Making Aussies cyber savvy's a tough ask

I pity our government for having to try to improve national cybersecurity in a nation of "she'll be right" citizens.
Written by Suzanne Tindal, Contributor

I pity our government for having to try to improve national cybersecurity in a nation of "she'll be right" citizens.

This week news of a new report into Australia's cybersecurity surfaced saying that we weren't keeping up with the online threat. One of the things it suggested to combat this was to change our security culture.

I can understand the need for this.

It seems that despite constant warnings to be suspicious and aware, people are still choosing passwords such as "password" and not necessarily only for the sites that don't matter, but also to access their company networks. They're still presenting account numbers to phishers, whose emails claim to be from banks. They're still not putting passwords on their Wi-Fi connection. They're still turning off firewalls and not updating antivirus. They're still not reading pop-ups before clicking OK.

Just like when you're thinking about putting on sunscreen, but decide it's too much effort (it's only an hour right?), Australians are often loathe to think and act on the dangers that the internet has brought.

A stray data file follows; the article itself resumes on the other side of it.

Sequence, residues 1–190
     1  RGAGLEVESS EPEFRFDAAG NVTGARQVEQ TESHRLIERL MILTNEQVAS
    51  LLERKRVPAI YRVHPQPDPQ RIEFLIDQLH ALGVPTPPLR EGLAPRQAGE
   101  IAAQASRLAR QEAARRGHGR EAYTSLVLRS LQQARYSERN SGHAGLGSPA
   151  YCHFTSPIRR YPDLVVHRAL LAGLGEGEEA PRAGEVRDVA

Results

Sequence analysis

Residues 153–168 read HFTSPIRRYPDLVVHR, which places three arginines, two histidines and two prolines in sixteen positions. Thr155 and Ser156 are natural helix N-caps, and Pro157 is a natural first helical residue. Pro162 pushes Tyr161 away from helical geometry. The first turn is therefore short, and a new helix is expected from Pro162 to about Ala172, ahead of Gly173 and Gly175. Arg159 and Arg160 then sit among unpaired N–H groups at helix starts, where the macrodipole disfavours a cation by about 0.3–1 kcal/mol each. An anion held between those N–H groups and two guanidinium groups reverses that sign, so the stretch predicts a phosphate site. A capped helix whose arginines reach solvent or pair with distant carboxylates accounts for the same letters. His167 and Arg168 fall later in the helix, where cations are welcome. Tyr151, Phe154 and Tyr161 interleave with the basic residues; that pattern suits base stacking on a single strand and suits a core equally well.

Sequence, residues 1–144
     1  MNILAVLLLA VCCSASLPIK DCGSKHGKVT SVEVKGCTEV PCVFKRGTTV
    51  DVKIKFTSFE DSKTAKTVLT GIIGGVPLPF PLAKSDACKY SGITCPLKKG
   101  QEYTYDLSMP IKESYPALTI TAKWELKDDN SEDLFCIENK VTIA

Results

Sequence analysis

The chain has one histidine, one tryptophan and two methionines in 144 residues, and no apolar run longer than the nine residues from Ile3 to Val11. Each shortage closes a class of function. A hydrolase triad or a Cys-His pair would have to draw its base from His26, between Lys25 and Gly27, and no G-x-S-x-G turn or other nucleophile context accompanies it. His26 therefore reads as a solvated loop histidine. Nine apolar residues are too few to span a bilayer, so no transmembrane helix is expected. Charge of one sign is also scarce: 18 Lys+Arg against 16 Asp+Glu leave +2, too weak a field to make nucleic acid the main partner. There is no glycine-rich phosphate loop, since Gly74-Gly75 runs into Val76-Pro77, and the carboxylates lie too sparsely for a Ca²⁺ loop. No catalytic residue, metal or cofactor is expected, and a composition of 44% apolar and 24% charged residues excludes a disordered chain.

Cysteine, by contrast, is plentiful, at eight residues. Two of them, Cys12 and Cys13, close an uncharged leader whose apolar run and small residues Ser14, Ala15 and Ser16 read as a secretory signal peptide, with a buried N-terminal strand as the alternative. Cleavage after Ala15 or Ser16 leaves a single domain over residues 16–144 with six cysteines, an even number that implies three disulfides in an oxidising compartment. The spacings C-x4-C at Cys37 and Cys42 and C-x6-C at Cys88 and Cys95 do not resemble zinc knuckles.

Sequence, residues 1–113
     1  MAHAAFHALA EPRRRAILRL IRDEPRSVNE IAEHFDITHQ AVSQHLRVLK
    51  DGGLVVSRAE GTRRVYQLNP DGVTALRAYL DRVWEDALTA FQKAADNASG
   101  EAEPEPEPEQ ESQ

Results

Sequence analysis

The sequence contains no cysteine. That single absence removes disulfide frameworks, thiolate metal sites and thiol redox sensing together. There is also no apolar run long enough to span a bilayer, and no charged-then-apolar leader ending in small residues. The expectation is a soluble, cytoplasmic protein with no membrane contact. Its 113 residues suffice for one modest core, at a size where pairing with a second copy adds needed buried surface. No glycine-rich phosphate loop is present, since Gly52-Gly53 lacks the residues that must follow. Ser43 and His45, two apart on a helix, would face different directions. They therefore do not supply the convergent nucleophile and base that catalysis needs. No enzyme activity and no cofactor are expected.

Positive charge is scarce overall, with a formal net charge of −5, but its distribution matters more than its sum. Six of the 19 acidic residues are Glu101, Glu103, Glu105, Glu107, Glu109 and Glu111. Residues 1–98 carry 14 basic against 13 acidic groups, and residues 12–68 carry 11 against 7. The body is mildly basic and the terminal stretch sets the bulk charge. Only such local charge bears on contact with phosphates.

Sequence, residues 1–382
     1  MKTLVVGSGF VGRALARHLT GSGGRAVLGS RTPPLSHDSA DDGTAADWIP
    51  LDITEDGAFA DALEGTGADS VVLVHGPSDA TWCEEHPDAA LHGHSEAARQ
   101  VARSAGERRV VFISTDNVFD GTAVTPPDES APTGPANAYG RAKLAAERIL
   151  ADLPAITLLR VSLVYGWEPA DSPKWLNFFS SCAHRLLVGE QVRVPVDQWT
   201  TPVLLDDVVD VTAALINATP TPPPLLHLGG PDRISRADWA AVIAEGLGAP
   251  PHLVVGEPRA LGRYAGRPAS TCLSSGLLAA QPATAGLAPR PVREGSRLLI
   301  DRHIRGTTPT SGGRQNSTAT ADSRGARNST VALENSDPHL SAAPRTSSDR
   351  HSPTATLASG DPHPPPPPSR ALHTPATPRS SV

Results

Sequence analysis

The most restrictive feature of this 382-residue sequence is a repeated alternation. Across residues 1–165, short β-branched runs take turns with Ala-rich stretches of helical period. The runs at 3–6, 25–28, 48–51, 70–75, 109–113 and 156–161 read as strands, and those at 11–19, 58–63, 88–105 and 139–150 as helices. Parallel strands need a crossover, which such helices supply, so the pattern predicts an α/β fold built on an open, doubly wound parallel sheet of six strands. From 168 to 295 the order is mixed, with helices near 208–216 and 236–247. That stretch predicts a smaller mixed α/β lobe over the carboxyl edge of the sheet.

And when weak passwords might mean entry for an undesirable into a government or company network, this is a serious issue. Ditto when a lack of antivirus leads to a computer becoming part of a botnet which supports denial-of-service attacks.

There are actions that governments and industry can take to make citizens pull their socks up, such as the iCode, which sees internet service providers notify users whose machines are infected, but ultimately, for the nation to become secure, we all need to be a bit more savvy.

This is a tough ask.

Given our government's history, it could well turn to an advertising barrage to try and make us aware of our security faux pas. Remember the government's decision to spend $16 million on awareness for the National Broadband Network?

Most of the advertisements will probably be set at such an excruciatingly low level of assumed knowledge that security professionals will watch the television with their hands half over their eyes for fear of accidentally seeing one. They'll probably ridicule the government's efforts mercilessly among workmates.

But what needs to be remembered is that the government will be trying to raise strength of the weakest link. There will be a lot of people who will appreciate the basic advice laid out.

If security is about making your car the least attractive to steal by looking harder to break into than those around it, we are trying to increase the awareness of our citizens to the point where cyber criminals would rather tackle another nation.

I'll let you decide who that might be.

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